Every year begins with a new grand plan, and I had aspirations to write more often about the books and other literary/writing news of note. I did not. You all don’t need me to tell you it’s been a long year, and between the daily slog of the news, plus some additional health problems, I found it difficult to summon the words.

However, you don’t need a list of my excuses. Let’s just end the year right and talk about some of my favorite books that I read in 2018.

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Favorite Fiction: Rebecca by Daphne du Maurier

On a long train ride to Portland and back, I inhaled this classic novel for the first time. It has so much to say about obligation, communication, and social class, and I enjoy the spin it puts on a Jane Eyre -esque story. You don’t have to love all these people to find why they make the decisions they do interesting. …


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(Still from The Twilight Zone, “The Lonely,” S1 E5)

Which is the best way to phrase a thought without inviting an explosion?
Which financial slights of hand are easiest to conceal?
Which items are easiest carried from the fire that is this life?

If she takes this medicine to get through the day, is it a failure?
If the medicine makes her health easier to skate through, but makes her gain weight, is it a failure?
If she know she shouldn’t care about weight, but she does, a little, is it a failure?

Does she build a home, a fortress, full of every item that brings her satisfaction? Joy? Security?
Or does she keep only what can be thrown in a bag, ready for the next room down the road? …


Some were published this year, one has decades under its belt: All Amazing

Though we have a few more weeks left in 2017, and though I am attempting valiantly to read at least 5 more books before it ends, I am still awash with bookish guilt over not doing one of these lists last year. (Best book I read in 2016? After Disasters by Viet Dinh. Full of all the best, hard stuff: love, lust, loneliness and longing. A beauty of a book.)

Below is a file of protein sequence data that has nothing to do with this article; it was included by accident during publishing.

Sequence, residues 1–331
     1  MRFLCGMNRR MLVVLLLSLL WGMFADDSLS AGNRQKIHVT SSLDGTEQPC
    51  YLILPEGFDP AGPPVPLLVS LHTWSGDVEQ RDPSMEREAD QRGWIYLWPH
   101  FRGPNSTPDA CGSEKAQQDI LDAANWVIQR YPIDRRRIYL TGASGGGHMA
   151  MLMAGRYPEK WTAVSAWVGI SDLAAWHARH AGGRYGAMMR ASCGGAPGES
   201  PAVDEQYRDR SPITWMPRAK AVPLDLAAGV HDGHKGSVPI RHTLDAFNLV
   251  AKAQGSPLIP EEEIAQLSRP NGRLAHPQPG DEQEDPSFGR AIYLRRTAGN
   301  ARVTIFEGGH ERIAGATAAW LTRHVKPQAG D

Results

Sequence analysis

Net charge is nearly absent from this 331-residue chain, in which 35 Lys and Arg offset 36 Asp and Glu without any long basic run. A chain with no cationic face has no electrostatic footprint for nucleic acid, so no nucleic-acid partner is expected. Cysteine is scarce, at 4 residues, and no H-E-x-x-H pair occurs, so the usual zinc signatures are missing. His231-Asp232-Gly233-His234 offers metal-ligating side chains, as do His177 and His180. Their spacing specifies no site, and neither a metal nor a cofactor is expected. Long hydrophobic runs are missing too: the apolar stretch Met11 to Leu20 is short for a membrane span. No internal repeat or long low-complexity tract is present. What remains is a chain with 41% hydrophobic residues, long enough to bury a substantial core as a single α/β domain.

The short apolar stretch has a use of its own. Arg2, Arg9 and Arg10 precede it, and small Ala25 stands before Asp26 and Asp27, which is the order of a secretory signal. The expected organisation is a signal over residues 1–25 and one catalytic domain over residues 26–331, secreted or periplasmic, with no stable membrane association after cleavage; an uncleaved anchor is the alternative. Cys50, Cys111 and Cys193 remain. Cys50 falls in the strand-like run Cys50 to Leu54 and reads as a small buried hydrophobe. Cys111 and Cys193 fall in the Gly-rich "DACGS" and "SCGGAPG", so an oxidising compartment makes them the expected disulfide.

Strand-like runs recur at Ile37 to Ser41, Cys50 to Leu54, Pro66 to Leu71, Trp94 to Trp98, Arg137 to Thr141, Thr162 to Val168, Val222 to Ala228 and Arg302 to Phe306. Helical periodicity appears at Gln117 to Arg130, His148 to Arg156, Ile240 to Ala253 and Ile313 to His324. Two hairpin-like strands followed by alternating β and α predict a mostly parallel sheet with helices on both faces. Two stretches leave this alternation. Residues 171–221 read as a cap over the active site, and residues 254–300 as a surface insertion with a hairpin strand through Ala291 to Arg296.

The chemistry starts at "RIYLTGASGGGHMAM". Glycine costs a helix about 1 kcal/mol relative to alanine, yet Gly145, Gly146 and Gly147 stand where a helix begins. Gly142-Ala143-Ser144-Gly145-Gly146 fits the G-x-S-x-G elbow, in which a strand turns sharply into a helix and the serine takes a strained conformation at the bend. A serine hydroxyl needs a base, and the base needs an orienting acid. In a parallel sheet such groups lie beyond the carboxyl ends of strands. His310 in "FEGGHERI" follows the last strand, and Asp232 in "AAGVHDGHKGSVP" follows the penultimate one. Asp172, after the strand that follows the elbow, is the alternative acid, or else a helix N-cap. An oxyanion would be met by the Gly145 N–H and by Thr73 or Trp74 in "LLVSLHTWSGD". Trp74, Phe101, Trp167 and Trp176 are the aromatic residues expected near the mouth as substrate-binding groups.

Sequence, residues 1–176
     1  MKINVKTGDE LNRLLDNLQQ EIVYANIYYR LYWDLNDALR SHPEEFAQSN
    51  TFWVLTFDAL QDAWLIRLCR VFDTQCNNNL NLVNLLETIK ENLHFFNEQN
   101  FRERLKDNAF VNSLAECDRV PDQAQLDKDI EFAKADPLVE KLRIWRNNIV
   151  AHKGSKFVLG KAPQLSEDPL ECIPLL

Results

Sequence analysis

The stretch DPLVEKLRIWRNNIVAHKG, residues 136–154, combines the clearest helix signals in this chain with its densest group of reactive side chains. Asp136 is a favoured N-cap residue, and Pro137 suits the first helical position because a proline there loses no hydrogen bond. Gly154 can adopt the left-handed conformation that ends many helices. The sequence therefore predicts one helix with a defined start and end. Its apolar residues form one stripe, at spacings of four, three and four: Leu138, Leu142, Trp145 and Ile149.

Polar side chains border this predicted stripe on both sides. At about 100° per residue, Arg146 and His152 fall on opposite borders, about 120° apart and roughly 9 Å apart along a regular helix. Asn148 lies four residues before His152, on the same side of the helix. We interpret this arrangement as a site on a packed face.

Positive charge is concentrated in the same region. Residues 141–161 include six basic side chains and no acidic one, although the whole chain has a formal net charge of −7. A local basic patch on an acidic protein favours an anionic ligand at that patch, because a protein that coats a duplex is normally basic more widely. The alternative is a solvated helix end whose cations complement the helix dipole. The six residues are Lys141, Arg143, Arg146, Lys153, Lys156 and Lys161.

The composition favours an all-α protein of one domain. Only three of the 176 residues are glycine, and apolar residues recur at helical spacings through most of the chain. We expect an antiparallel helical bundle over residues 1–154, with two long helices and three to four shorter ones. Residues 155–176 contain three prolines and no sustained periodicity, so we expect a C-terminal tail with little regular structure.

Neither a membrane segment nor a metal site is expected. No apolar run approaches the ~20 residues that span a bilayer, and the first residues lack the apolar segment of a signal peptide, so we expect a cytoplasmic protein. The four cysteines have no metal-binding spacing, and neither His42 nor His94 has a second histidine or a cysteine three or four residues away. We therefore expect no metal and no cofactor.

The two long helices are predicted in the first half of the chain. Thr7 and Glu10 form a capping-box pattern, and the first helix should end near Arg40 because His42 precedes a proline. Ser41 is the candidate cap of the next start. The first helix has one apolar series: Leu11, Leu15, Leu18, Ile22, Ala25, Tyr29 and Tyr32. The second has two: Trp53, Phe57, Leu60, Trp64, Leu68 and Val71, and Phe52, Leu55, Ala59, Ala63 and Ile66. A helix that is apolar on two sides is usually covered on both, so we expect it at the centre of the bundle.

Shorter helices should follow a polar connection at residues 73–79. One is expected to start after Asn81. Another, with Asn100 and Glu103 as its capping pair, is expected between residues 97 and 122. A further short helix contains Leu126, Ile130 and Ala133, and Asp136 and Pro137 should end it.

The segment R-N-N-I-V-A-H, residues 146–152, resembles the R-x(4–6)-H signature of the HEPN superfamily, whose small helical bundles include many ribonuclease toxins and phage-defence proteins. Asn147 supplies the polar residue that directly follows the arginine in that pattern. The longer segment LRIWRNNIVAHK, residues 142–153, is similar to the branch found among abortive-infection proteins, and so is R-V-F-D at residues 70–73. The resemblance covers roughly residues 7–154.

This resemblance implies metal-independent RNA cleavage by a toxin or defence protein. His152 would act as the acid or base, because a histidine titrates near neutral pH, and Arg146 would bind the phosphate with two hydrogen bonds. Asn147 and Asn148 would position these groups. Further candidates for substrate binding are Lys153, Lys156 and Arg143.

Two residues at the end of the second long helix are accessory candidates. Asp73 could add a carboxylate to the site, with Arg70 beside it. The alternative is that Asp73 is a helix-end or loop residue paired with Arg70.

If I had to find a common thread for what most captured my attention in 2017, I’d venture this: Ambitious Escapism. Big, over-the-top books in either character, plot, or format, where reality is bent just so. And with one pick, it’s a matter of state pride, however dark the subject matter. …


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Michelle Gomez does ‘delightfully bonkers’ so well.

I AM 400000% IN FOR THIS: The Missy Chronicles is a new collection of Doctor Who stories from BBC Books, this time focusing on the TIME LADY OF MY HEART. The stories are by Cavan Scott, Paul Magrs, Richard Dinnick, Jacqueline Farrow and James Goss, with the cover design by Lee Binding.

Scott has written some of the Ninth Doctor comics from Titan, among other things, which I’ve enjoyed. I interviewed him at Persephone Magazine when the comics run first began in 2015.

I feel little embarrassment about reading Doctor Who comics, novelizations, and audio dramas, except in that I mow through so many of them when I have other, supposedly “more serious” books around the house. …


Plus lots of other good writerly links and a tune to play us out…

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Pleased to see GLAAD talking about #BiWeek, since their organization’s name is not very inclusive.

This week is #BiVisibility week, with the official Bi Visibility Day happening on September 23rd, as it has done every year since 1999. Remind your local queer groups that the B in LGBTQ does not stand for Babadook, and they should remember that a large percentage of the queer community are bi.